Magnetic declination measurements in and around Iceland. Jökull 43, 45-60, 1995.
The paper describes various properties of the present geomagnetic field, including the magnetic declination which has been used for navigation purposes for many centuries. Measurements of the declination were made by various expeditions to Iceland since about A.D. 1750 or possibly earlier, but documentation on their results is scattered, and little is known of the methods used or their accuracy. Such measurements turn out to be much more useful when made at sea then on shore in Iceland, because of the large disturbing effects of magnetic remanence in local basalt rock formations.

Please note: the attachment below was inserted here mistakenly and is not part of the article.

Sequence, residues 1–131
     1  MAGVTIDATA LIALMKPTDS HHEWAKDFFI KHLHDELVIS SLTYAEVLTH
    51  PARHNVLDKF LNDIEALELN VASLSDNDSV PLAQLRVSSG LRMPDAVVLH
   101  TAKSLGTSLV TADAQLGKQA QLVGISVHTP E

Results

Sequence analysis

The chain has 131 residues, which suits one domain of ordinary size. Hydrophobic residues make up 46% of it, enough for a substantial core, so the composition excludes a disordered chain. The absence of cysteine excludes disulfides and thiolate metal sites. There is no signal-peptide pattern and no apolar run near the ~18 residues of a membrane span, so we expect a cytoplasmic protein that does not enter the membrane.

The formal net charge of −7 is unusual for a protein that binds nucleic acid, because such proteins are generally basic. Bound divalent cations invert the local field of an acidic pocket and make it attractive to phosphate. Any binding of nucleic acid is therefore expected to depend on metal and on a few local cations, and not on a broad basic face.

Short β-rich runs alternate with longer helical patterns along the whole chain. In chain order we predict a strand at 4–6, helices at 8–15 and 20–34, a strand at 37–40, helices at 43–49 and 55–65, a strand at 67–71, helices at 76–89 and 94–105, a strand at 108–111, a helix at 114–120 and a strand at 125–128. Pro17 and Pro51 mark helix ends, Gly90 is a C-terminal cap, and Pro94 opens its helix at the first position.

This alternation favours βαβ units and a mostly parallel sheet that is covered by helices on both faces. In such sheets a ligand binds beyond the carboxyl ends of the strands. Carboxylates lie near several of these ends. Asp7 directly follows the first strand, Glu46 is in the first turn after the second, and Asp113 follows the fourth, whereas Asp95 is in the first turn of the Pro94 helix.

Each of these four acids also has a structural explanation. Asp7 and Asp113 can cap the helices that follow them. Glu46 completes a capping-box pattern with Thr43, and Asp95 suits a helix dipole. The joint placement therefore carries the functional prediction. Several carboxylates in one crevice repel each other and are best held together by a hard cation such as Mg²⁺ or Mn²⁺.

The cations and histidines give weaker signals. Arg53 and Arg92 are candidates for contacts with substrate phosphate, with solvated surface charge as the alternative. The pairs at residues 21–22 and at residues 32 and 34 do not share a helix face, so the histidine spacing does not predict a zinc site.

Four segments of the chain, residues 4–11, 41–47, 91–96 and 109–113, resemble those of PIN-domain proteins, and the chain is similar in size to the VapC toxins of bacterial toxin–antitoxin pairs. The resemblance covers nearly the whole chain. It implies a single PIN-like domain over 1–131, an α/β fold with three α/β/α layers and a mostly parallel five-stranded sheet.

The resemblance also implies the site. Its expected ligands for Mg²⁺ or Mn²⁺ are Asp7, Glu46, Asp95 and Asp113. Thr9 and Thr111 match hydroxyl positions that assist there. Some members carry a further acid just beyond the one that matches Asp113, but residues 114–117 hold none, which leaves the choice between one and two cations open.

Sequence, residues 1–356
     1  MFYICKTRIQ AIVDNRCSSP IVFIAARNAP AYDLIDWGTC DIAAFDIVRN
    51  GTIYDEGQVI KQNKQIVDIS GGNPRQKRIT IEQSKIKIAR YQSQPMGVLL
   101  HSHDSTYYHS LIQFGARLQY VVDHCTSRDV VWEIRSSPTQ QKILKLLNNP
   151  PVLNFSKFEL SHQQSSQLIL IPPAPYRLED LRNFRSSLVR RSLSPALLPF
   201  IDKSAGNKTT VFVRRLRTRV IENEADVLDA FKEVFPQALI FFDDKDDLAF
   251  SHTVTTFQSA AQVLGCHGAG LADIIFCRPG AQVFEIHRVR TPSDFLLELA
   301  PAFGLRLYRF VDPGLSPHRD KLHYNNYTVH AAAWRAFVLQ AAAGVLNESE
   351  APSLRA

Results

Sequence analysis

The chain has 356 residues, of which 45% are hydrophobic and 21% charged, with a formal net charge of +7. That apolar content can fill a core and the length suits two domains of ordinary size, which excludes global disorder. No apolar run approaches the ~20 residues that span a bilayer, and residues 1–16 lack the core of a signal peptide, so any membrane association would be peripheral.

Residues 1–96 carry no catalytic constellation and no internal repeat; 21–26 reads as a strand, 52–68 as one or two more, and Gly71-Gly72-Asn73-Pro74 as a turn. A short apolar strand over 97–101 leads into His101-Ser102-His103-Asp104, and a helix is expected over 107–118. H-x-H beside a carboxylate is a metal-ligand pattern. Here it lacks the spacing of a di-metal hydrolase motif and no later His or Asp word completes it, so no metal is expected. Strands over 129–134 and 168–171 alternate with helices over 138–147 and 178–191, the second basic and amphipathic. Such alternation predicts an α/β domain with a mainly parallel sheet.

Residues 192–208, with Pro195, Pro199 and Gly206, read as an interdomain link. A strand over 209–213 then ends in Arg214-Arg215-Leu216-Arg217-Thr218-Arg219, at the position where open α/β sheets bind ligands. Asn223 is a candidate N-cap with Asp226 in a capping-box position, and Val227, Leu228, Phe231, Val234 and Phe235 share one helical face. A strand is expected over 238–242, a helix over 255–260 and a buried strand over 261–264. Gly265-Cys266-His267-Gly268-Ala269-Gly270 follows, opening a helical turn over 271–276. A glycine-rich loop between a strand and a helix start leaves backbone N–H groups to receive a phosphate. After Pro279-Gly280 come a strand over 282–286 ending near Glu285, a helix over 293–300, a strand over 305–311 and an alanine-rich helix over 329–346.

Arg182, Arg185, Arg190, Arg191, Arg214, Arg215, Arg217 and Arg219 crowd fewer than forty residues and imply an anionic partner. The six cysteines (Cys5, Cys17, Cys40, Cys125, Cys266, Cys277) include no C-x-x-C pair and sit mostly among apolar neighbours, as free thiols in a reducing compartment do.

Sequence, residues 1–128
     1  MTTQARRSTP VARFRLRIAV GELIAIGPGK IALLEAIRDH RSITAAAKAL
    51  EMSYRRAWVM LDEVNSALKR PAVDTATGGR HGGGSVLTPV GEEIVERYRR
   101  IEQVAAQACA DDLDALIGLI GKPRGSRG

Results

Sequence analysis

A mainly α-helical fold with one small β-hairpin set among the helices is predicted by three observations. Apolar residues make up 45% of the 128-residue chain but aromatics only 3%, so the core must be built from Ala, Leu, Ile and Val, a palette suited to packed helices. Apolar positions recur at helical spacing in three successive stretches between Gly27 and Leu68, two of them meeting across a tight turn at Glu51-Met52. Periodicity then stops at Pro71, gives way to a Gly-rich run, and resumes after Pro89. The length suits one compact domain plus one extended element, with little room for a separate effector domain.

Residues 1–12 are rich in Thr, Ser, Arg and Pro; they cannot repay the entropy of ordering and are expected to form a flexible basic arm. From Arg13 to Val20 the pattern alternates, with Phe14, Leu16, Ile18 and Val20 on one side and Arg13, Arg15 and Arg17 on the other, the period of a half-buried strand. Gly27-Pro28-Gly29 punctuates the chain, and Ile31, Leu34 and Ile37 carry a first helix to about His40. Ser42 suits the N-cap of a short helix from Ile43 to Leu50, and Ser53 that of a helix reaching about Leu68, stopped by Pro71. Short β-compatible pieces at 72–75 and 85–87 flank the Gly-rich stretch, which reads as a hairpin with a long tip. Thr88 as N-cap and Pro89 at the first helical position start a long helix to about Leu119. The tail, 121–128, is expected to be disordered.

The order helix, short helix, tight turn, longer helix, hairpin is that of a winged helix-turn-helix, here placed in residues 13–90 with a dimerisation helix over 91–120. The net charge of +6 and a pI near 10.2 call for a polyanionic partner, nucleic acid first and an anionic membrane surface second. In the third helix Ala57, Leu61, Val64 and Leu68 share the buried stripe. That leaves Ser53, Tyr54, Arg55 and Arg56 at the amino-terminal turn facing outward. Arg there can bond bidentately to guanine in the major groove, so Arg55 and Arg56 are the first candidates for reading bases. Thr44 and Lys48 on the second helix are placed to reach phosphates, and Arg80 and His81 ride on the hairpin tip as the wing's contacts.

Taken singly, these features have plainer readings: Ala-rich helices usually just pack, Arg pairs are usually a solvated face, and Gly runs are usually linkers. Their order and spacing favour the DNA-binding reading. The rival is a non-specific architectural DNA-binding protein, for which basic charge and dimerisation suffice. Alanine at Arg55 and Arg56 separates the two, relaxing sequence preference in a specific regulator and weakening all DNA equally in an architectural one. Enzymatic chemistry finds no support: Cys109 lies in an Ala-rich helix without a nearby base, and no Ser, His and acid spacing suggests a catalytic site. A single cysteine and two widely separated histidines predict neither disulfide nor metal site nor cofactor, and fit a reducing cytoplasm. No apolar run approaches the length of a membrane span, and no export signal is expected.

A list of declination measurements, based on original compilations by Th. Sigurgeirsson and Th. Sæmundsson, is provided in the paper. The most valuable series of observations in the Iceland area include those of P. Löwenörn in the 1780's as well as French measurements from the period 1830-1900. The only aeromagnetic survey of Iceland for which declination values are available, is that of G.W. Haines et al. in 1965.
It is found that the westerly declination may have reached a maximum early in the 19th century. This is also in agreement with global geomagnetic reconstructions based on historical field measurements and archeomagnetism, and may be of use in dating lavas or artifacts in Iceland. The magnetic inclination appears to have been fairly constant at 75-77°.